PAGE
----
Seeing social work through narrative

Clive Baldwin

Clive Baldwin

by Clive Baldwin, author of Narrative social work: Theory and application

Narrative is becoming increasingly a focus of interest across disciplines and professions – philosophy, sociology, psychology, medicine, nursing, psychotherapy, theology, women’s studies, law and so on have all taken up narrative in some form or other.  Social work, too, has taken up narrative, albeit to a lesser extent – social work interest in narrative seems to cluster within three main areas: narrative as an intervention (usually a version of narrative therapy), narrative in social work education and personal narratives of practising social work.  While these three areas are interesting and important, to my mind they do not engage deeply with narrative as an approach to social work per se and as such miss some important insights and opportunities for developing a truly narrative-based social work.

The difference, I think, lies in what I distinguish as the stronger and weaker programs of narrative.  The weaker programs see narrative as something that casts light on a reality that is out there, whether that be the reality of service users’ lives, the reality of practising social work, or the reality of wider social and political movements.  Narrative, in this program, is but a window onto the world of social work.  Alternatively narrative is seen as a tool, an intervention – as in narrative therapy – to be brought to bear when the occasion is apposite.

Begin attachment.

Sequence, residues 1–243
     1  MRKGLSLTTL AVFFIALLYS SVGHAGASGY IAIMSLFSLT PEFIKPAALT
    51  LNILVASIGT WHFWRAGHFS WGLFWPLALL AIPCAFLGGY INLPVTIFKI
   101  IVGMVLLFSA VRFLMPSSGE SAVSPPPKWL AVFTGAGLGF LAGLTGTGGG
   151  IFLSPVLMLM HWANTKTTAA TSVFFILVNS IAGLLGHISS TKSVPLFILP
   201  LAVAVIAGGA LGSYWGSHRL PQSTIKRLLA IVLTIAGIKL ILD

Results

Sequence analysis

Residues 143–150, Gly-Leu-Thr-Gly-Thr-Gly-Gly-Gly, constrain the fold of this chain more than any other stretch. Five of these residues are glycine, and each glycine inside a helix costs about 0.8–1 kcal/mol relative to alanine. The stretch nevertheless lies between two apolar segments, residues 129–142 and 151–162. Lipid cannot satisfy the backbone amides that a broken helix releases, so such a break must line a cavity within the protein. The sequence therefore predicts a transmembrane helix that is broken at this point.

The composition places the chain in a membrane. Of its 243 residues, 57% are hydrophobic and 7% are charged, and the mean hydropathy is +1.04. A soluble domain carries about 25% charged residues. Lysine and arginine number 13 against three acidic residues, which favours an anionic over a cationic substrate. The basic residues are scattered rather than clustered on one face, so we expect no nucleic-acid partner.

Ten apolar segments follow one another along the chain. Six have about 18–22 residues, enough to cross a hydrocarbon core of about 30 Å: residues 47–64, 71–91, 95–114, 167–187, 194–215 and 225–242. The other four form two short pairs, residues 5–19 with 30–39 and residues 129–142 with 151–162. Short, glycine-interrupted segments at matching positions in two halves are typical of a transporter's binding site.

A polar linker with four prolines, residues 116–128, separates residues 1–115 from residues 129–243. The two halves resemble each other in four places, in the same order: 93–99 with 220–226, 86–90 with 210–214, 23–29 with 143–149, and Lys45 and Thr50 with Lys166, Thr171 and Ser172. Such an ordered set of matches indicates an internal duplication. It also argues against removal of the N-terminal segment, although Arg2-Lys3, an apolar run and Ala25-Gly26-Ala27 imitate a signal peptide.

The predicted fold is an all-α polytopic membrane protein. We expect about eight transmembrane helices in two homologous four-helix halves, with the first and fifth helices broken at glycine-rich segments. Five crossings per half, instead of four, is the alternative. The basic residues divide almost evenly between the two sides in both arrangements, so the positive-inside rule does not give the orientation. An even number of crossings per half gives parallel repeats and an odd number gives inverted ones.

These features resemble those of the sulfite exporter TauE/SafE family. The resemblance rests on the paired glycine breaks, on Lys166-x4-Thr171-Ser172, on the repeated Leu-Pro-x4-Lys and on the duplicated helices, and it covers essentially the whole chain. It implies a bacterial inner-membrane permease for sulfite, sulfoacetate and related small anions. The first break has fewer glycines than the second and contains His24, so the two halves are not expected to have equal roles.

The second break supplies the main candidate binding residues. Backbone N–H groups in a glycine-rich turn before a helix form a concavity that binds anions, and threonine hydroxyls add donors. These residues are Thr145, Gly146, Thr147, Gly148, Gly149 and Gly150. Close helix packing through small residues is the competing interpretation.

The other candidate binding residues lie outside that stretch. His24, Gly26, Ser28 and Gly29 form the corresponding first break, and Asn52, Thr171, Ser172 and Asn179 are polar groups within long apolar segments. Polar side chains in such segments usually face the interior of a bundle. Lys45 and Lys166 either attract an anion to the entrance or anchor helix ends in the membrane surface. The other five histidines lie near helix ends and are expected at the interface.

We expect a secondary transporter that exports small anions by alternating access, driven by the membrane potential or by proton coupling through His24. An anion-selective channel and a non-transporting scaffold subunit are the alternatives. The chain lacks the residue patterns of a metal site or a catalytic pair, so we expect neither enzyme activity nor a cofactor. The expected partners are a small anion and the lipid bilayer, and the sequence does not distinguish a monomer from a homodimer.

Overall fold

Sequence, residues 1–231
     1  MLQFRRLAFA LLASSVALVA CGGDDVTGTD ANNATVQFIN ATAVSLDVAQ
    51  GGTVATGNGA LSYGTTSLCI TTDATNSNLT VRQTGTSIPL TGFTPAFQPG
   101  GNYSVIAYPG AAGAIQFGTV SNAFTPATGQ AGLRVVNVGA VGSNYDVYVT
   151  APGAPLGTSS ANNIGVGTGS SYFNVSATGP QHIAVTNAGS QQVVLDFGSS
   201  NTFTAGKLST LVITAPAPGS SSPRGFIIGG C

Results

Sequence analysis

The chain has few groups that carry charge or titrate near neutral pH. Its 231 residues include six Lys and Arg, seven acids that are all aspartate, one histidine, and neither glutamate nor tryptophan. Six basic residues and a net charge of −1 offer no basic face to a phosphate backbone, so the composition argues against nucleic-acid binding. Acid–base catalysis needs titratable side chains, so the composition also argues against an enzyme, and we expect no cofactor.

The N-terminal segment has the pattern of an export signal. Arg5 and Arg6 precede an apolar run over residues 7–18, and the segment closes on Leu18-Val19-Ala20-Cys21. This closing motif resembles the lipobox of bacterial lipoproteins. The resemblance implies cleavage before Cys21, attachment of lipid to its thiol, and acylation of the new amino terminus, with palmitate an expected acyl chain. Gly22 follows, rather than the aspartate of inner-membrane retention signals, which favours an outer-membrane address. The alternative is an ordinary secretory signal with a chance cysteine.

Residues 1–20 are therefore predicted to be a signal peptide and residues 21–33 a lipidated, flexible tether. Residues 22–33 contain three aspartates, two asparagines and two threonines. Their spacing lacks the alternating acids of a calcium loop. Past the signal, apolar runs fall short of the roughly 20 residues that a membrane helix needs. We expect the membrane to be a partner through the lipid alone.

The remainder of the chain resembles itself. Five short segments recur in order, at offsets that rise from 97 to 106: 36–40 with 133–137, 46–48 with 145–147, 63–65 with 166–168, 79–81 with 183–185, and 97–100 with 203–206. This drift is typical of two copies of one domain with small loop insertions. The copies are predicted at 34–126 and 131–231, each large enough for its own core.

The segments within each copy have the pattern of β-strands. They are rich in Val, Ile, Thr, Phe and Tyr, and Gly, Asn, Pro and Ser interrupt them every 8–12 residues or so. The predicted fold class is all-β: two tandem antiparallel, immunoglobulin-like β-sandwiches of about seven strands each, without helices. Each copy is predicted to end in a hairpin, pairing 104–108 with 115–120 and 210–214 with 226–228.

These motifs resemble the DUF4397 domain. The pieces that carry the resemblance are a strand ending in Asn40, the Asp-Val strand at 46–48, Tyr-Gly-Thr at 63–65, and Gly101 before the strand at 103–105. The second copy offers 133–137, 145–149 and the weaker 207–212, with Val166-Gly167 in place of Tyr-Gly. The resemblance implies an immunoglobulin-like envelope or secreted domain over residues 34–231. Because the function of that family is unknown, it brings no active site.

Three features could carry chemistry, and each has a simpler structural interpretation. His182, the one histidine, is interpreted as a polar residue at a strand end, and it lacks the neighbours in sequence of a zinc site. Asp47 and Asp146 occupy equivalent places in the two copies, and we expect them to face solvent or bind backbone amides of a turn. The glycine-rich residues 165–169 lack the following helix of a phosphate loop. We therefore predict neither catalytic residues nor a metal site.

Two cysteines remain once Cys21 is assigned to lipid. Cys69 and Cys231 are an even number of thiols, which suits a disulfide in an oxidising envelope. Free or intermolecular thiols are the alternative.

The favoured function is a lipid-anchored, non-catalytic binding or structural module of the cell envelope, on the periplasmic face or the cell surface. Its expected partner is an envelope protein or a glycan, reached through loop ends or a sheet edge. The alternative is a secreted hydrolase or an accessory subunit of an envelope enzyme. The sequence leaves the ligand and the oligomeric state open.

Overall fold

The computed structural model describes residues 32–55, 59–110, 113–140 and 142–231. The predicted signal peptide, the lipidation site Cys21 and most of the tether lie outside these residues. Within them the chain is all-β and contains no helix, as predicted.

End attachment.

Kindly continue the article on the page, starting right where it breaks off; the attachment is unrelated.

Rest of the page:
The stronger program, on the other hand, uses narrative as the lens through which we see all of social work.  In this stronger program narrative is taken as a way of knowing about the Self, others and the world; a way of communicating; a way of acting – narrative does not simply reflect the world, but constantly makes and remakes the world.  In this program, social work, as an activity that seeks to understand individuals in context and work with them toward individual and societal betterment is, through and through, a narrative activity.  Supporting this view is a wide literature on how the Self is constructed in and through narrative; another on understanding policy-making as a narrative process; yet another on how social movements rely on and play out certain stories; and still another on how narrative acts as a means to ethical reasoning and decision-making.  The stories we hear and the stories we tell make up the world of social work. To understand narrative is to understand social work.

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